MR. JUSTICE GRANTHAM probably holds that the police and people of Ramsgate have shown a very undue suspiciousness in raking-up so much irrelevant gossip to fix suspicion on the husband of the murdered woman, Mrs. Noel :—" The man Noel," he said, " was charged with murder. Noel might have committed the crime ; but his [the judge's] duty was to see that justice was done, and that the evidence laid before the Court was such as to connect Noel with the crime. What were the facts of the case P The facts were very few indeed. The prisoner and his wife lived most happily together. All the witnesses called for the prosecution admitted this. The day on which the crime was committed the prisoner and his wife were together until close upon 2 o'clock. They were on the most perfect terms of friendship and goodwill, such as should exist between husband and wife, The wife was last seen alive by some one other than the prisoner at about 2 o'clock, after which time it was proved that the husband was at a place where it was impossible for him to have disposed of any weapon or to have got rid of any blood marks or other signs of having committed murder. Prisoner was proved to have been at the Wesleyan Sunday-school from twenty-five minutes to 3 until a little before 4 o'clocrr, when he returned home and found that he could not get into the house. He drew the attention of his neighbours to this fact. A ladder was fetched and placed agitinst the kitchen window. The prisoner mounted the ladder, and, looking through the window, saw his wife lying in what he thought was a swoon. Prisoner got through the window and found his wife dead on the floor, with a bullet-wound in the head. He admitted to the house one of his neighbours, and medical assistance was summoned. The doctors expressed the opinion that prisoner's wife had been dead two hours, but, of course, an opinion was not evidence, and had to be taken for what it was worth. The whole case against the prisoner was that he was at the house at about 2 o'clock, and that his wife was killed some time between then and 4.40 o'clock." Now, WAS this raking-up of irrelevant evidence against the husband properly a case of undue suspiciousness, or was it in part something quite different in kind, which we may perhaps call the attempt of a feeble popular imagination to make a very insignificant modicum of suggestion take the place as " evidence " for which it was quite inadequate, only because there was nothing to fix suspicion on any one except the husband P We rather think it was partly the latter, though partly, no doubt, a morbid disposition to exaggerate the heinousness of the crime which had been committed. It is not undue suspiciousness, in a case when some one must have committed a murder, to suspect at first the person who certainly had access to the murdered person, rather than a stranger of whose very existence there is no evidence. Suspiciousness is 'shown more by imagining evil when there is no sufficient evidence that any evil has been committed at. all,—as when Othello suspected his wife of infidelity, when all the very best evidence he had in his hands was in favour of his wife's parity and attachment to himself, —than by suspecting unduly the only person who might by possibility have been the criminal where there is no one else as yet open to suspicion. To dwell on this possibility un- duly is very unfair to the accused, and indicates that weak imagination which cannot take in the conceivability of a set of causes of which there is as yet no trace. But it is one thing to have a weak imagination, and dwell unduly on a few slender threads of evidence which really amount to nothing but what a lawyer like Mr. Justice Grantham calls "rub- bish," and quite another thing to have that suspicious disposi- tion which prefers to imagine crime where no crime need be assumed at all. Suspiciousness is properly the tendency to incline towards an evil explanation of that which may just as well be explained without assuming any evil origin at all, or, at all events, without assuming any origin half so revolting and inconsistent with all the best evidence 'of the heart, as the explanation which the suspicious suggest. No doubt Othello was hardly at liberty to think that there might have been no one in fault. It was only too obvious that, if his wife was not guilty, Iago was guilty of treachery of the most hideous kind. But, then, he had a kind of evi- dence for his wife's innocence, which he had not for Iago's innocence. And even in the case of this Ramsgate murder, it may fairly be said that, in accusing the husband on totally insufficient evidence, an excess of guilt was imputed which would not have been imputed if the crime had been referred to the agency of some mere tramp and robber who had no in- timate relations with the murdered woman. So far, there was, perhaps, even in this case, true suspiciousness. It required the assumption of a much more atrocious guilt to incline to the hypothesis of the husband's agency, than to incline to the hypothesis of a stranger's agency, in the matter. There is a very unwholesome tendency in human nature to lean towards a concentration of the horrors, where it would be quite reasonable and much more generops to incline towards their attenuation. So far, we think that the Ramsgate case may really be one of undue sus- piciousness. But it is partly, we think, a case also of inadequate imaginativeness, the husband being the only figure on which the imagination of the police found it easy to fix as having had access to the murdered woman. It was easier for them to imagine him a hypocrite of the first order, than to conceive a completely new set of circumstances which would have accounted both for the murder and for the silence of the dog, usually so ferocious to strangers.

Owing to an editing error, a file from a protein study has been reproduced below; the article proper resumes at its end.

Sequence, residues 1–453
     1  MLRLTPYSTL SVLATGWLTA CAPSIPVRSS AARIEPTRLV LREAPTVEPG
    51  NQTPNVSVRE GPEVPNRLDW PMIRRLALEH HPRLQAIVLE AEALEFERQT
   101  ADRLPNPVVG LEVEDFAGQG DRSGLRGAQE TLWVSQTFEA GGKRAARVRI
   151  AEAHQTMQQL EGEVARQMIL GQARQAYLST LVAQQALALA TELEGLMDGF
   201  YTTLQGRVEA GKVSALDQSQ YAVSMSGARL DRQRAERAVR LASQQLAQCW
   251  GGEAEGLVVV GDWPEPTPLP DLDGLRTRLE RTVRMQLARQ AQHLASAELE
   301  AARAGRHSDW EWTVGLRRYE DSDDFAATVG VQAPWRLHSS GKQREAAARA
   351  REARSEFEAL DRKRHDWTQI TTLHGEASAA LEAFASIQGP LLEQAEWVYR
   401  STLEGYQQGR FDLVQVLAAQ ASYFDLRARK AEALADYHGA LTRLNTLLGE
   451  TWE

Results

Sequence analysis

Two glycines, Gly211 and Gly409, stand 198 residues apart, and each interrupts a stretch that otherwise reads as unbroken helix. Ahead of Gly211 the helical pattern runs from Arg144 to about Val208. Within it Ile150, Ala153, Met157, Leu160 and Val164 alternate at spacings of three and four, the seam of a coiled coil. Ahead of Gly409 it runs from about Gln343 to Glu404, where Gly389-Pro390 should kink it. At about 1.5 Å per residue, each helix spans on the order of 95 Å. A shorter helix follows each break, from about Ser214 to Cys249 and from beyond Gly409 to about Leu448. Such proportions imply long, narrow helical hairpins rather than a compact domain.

Where a crime, and a deadly crime, has certainly been com- mitted, there is, however, a very frequent tendency in human nature to pile up the guilt in one centre rather than to make the least of it. Is there not something almost fascinating in the con- ception of a crime which involves a long course of evil medita- tion and purpose, such as does not attach to a mere brutal and unpremeditated act of violence P Ordinary imaginations feel a certain relief in fixing on a visible figure and directing all their suspicions to that centre, and besides this relief to the imagination, the naughtiness of the human heart has a certain preference for the thrill of a very great crime, rather than for the vulgar explanation of a violence due to mere selfish brutality. Men prefer a shudder to mere disgust. And here we come, we believe, on the very essence of true suspiciousness. There is a morbid liking for unique and atrocious guilt in all but the frankest and sunniest natures. Guilt of the vulgarer kinds is commonplace and uninteresting. There is an intellectual attraction in the conception of the deeper kinds of guilt which more than outweighs the moral horror which they should excite. Othello says :- " Think'st thou I'd make a life of jealousy, To follow still the changes of the moon With fresh suspicions P No; to be once in doubt Is once to be resolved."